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The Path to Misery

“Oh, come, O Key of David, come,
And open wide our heav’nly home;
Make safe the way that leads on high,
And close the path to misery.
Rejoice! Rejoice! Emmanuel
Shall come to you, O Israel!”

The path to misery is selfishness. We often think of selfishness as an outward thing–a selfish person treads on others, and will hurt others for personal gain. And for some that is undoubtedly true. But for an introvert like me, selfishness can be more of an internal preoccupation, a self-obsession that blocks my concern for others and chokes my ability to love my neighbor. I wonder how much of my time is spent thinking about two or three of my favorite worries, devoting mental energy to hypothetical line of reasoning that serves no end, that benefits no-one, including myself. For an introvert, selfishness can often take the form of an endless, self-concerned internal monologue.

Right now (and much of the time), that monologue concerns the future; the decisions I have to make, the circumstances that might occur, and what those mean for my future. This monologue will cause me to forget the basic fact that God is sovereign and the only real harm that can really befall me will come from my own sinning. And even that, Christ has paid for.

What the tempter affects, in me at least, during these sessions of self-concern, is impressions. I have every reason to be happy, and no reason right now to fear or doubt. But my flesh, and the kingdom of darkness, will destroy a completely beautiful thing simply by creating a worrisome feeling, which the mind then latches onto, deciding that it must pursue an endless internal line of questions, a vague and undirected attempt to resolve the worry by thinking about it. This sort of worry has no living root, it has no purpose; frankly, it is sent from hell to destroy faith and joy.

The tempter will make you feel as if something is awfully wrong, but he will not tell you what it is. Goodness is simple, it is not hard to see. Well, perhaps it is hard to see. But it is not a mystery how to be blessed, how to make things alright, how to have nothing to fear. Trust in Christ. God is present with us, and for those who trust in Christ, there is nothing to fear. The word of Christ is joy and life, it is clarity. Let us listen to him.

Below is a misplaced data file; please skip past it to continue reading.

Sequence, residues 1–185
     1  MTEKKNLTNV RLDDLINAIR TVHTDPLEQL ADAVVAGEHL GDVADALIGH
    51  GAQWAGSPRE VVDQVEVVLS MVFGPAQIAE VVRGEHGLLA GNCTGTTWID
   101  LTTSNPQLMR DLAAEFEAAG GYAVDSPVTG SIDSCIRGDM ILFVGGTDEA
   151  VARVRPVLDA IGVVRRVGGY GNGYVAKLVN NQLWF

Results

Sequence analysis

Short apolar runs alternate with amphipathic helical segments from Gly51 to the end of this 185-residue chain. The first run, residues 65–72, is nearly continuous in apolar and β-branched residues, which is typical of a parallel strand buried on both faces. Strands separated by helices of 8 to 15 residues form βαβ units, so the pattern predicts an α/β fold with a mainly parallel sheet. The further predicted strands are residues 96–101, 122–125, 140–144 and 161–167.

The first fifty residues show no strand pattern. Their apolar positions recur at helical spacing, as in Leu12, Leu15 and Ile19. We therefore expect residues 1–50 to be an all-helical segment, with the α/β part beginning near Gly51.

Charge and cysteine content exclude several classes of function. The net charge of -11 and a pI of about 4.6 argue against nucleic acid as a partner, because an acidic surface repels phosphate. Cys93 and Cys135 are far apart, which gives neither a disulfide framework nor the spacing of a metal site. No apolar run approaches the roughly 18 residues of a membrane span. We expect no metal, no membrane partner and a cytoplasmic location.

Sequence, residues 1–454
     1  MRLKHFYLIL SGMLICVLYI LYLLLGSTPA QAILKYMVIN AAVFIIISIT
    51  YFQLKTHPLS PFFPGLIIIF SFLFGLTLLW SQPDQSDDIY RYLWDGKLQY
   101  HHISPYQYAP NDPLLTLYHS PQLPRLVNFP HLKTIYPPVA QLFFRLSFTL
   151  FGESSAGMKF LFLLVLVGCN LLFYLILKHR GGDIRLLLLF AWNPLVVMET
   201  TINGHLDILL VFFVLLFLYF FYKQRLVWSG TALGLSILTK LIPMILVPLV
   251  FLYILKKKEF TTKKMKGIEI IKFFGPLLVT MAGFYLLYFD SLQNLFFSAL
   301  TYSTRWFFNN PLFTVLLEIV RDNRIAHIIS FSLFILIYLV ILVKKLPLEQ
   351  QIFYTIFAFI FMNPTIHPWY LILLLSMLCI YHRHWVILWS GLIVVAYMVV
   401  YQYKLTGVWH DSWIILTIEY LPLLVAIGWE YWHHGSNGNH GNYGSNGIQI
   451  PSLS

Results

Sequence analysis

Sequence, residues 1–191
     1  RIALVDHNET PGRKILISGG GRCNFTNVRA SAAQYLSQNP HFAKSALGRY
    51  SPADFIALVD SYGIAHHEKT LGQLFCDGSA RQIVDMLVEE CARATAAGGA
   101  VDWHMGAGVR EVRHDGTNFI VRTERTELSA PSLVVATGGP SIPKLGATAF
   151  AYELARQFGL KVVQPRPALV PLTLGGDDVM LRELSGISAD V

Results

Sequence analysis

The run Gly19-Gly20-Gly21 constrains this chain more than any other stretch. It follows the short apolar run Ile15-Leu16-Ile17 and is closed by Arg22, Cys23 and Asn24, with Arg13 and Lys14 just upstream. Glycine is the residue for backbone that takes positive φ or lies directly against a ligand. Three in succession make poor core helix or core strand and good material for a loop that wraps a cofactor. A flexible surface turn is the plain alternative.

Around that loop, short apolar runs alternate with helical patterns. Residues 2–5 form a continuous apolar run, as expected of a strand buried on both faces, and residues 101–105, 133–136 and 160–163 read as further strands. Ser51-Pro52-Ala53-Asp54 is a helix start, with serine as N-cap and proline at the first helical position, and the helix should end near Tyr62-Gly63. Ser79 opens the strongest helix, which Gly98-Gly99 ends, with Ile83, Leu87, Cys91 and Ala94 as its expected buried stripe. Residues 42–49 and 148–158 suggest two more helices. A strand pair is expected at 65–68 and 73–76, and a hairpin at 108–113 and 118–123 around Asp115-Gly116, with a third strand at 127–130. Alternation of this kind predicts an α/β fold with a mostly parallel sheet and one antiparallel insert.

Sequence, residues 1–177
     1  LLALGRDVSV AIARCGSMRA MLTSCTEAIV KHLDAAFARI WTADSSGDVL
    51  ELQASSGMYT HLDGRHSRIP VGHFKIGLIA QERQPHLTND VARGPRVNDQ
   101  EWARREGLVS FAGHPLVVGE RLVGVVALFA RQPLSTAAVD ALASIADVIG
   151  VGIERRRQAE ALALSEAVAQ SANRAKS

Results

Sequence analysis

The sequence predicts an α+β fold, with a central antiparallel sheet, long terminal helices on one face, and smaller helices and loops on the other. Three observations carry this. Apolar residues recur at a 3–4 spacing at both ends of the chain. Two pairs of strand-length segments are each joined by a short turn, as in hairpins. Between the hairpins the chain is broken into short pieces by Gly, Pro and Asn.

Why do I worry? I worry because I am selfish, because I want a plan that works out in the end, in a way that I can see, in a way that I can control. And I want to deal with things according to my own resources: my own strength, courage, and wisdom. I cannot simply trust God, behold the beauty and goodness that is before me, or even sometimes the ugliness and despair, and say to God: “you know all things, you are the one with the perfect plan, your will be done. Help me to love you and love my neighbor, and rejoice. Let me trust you.”

When life is considered in light of the Kingdom of God, the big decisions will not seem so big. The outcomes don’t really matter that much, unless we do not believe that God will turn any life lived in service to him into something beautiful in the end, into a root which may grow in his eternal kingdom, in the new heavens and the new earth.

Categories: Uncategorized
  1. December 6, 2010 at 11:57 am

    This is quite beautiful. It’s also interesting in the context of the widespread corruption of the idea of Divine surrender, in the form of positive thinking and “The Secret”. The problem is, I think, that in a grossly materialistic society, the only way the notion of Divine Providence can be understood is in terms of fulfilling selfishness, rather than the result of utter and complete self-abnegation.

    I’ve never written to this site before – please let me know if there is some kind of protocol, format or anything else like that.

    – don

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